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Early American Playing Cards

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Continued from product description on Traditional Games' Page Three...

Historical Background: Playing cards were invented during the 12th century in China. These early cards were probably paper dominoes since the official Chinese record for the invention of paper was 105 A.D. Sir William Henry Wilkinson, a British sinologist, published an article entitled "Chinese Origin of European Playing Cards" in the American Anthropologist in 1895. This historic paper compares Chinese and European decks of playing cards and includes a wealth of information. From China, playing cards may have spread to Venice, Italy, via Marco Polo or his father.

From Venice, cards made their way to other European countries. There are many mentions of cards from Ulm, Germany, in the late 1300s and early 1400s. Even though no actual card packs exist from this time, it is certain that woodcuts would have been used in their production by this time. The invention of the removeable-type printing press made mass production of playing cards possible around 1440.

Playing cards also became very popular for gambling. Preachers denounced card playing and the conduct that followed "poor losers" who exhibited bad behavior and emotional outbursts. It was declared immoral and prohibitions sprang up in many cities. Ulm, Germany, had a prohibition against card playing in 1397. Other prohibitions and ordinances against card playing occurred in Paris, France, in 1377; St. Gallen, Switzerland, in 1379; Lille, France, in 1382; Barcelona, Spain, in 1382; and, again, in Paris, France, in 1397 forbidding working people to play cards on working days.

Some card decks from China featured only three "suits." The four suits used in present-day playing cards (spades, hearts, diamonds & clubs) are derived from the Middle Ages where the Tarot deck reflected the societies of Medieval times. The king ruled a world in which there were four classes: the church, military, merchants, and farmers. These four classes were featured as suits on the cards in the forms of cups (the church), swords (military), pentacles or five-pointed stars (merchants), and batons (farmers). When card popularity spread throughout Europe and, particularly, into Germany during the 15th century, the cups became hearts, the swords became spades, the pentacles became diamonds, and the batons became clubs.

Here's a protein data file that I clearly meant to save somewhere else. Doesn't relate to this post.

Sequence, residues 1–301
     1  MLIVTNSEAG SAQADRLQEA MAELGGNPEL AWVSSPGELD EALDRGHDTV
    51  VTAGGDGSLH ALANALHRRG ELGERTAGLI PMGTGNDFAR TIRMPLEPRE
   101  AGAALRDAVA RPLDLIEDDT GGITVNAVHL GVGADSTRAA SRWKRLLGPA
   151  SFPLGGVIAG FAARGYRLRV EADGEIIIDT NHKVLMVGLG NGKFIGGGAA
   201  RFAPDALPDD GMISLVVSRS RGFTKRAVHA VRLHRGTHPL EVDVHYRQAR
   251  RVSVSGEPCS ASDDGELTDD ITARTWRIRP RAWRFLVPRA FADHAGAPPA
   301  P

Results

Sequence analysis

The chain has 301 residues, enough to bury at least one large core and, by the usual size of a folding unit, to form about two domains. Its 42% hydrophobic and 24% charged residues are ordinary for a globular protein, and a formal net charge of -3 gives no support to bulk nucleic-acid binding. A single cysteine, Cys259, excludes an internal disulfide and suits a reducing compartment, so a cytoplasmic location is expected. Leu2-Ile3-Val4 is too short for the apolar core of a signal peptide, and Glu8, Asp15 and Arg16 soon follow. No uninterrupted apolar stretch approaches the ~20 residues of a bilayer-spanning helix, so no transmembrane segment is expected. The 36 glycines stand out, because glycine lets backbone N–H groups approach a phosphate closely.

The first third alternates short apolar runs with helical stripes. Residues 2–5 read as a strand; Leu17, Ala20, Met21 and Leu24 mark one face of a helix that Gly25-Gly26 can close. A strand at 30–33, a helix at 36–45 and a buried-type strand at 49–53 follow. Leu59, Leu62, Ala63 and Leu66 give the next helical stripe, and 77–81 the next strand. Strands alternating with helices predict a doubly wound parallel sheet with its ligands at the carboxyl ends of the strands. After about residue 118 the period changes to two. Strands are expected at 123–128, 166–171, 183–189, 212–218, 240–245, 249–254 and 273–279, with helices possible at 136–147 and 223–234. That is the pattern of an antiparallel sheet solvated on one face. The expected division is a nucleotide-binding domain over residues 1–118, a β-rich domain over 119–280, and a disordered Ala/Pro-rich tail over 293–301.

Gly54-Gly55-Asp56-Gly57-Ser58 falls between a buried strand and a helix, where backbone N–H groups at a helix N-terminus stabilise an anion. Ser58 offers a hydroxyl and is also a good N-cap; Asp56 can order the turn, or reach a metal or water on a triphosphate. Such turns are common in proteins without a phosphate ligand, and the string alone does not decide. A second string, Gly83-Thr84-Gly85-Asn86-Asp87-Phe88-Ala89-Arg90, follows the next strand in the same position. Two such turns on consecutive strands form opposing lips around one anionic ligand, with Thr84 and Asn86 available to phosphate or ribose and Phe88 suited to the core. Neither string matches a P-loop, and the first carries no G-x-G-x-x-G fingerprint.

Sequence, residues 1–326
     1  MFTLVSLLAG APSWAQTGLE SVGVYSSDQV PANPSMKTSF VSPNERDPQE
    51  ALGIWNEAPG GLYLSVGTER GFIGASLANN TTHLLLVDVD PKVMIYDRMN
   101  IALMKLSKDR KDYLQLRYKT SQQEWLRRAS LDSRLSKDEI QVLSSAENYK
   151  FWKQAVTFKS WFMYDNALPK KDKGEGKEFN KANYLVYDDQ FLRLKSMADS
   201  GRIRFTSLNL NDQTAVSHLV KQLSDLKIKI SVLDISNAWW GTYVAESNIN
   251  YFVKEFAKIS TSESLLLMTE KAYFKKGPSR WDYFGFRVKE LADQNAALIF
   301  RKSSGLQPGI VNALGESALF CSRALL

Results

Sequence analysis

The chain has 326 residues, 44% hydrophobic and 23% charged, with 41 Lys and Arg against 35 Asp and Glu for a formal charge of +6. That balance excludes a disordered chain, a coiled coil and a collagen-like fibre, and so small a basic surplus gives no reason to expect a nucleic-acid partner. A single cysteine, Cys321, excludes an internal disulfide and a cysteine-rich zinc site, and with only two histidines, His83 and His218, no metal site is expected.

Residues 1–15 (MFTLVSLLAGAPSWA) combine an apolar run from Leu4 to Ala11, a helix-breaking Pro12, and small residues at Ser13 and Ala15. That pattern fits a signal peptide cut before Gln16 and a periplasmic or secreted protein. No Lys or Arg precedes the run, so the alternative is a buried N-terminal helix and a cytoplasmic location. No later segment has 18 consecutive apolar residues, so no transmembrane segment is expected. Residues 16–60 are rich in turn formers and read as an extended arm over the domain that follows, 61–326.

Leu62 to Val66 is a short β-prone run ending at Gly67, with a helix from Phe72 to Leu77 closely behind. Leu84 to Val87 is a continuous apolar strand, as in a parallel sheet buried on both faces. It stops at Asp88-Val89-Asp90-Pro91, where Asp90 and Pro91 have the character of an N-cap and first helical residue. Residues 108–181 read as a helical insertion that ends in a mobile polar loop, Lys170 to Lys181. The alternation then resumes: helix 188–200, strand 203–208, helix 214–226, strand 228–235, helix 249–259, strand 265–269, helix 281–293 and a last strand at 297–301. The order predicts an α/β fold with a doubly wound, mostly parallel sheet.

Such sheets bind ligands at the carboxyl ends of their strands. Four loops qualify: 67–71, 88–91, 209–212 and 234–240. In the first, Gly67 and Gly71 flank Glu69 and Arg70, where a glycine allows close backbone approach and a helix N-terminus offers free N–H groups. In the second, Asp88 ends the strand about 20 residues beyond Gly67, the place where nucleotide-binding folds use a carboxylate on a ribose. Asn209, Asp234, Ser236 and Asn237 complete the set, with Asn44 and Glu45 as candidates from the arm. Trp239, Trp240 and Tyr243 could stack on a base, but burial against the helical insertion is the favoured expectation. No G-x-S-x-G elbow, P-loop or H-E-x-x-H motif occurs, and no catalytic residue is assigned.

English playing cards from the 15th century probably evolved from France. The first documentation of cards in England is from an Act of Parliament (3 Edw. IV.c.4) in which domestic card makers petitioned against the importing of foreign cards. At this point, cards had plain backs, square corners, no numbers in the corners, and the face cards were single ended.

It is thought that Christopher Columbus' expedition brought playing cards to what is now Latin America. Cards were later brought to the New World by Jamestown settlers. In the American colonies, Puritan children were not allowed to play cards and the sale of cards was prohibited in their communities. In the Puritan Colony Laws of 1656, children and servants were to be "publickly whipt" for second offenses of playing cards. The county records of Plymouth, Massachusetts, show that in 1633 two heathens were fined two pounds each for card playing. The colonists did, however, enjoy playing cards. When Captain James Cook returned from England to Jamestown, Virginia, he found the colonists starving, but still playing with cards!

Card designs featuring the King, Queen, Jack, and the "pip" cards (cards without numbers from two to ten) did not change much from the 15th to 19th centuries. During the mid-19th century, face cards became double-headed and the card values appeared in the left corners to allow greater ease in reading fanned cards. Players would also not want their opponents to know whether they had a face card by turning these cards right side up. Doubled-headed face cards helped players "protect the hands" or not "tip their hand" to another player.

Up until 1850, most playing cards had plain backs. Because this plain side could become soiled or "marked" and used for cheating, design patterns began to appear on the backs of cards. In some American cities further inland, this type of card deck with plain backs was used longer than 1850 simply because it took a while for the other cards to migrate to western states and territories. After cards were played with a number of times, the square corners rubbed off and, so, rounded corners became the new standard. After all, cards were made from only heavy paper then and did not have the plastic-coated finish we see on today's cards.

Native Americans also made their own cards, but not out of paper. They used animal hides and decorated each card individually. A set of North American Indian cards is displayed in the National Museum in Washington, D.C.

Fun Fact: The joker was invented because of a game called Eucher, which needed one more high card. Card manufacturers would add a blank card called the "Eucher card" in each deck. The word was mispronounced and the "joker" was born!

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Early American Playing Cards
Early American Playing Cards
Item Number 3010

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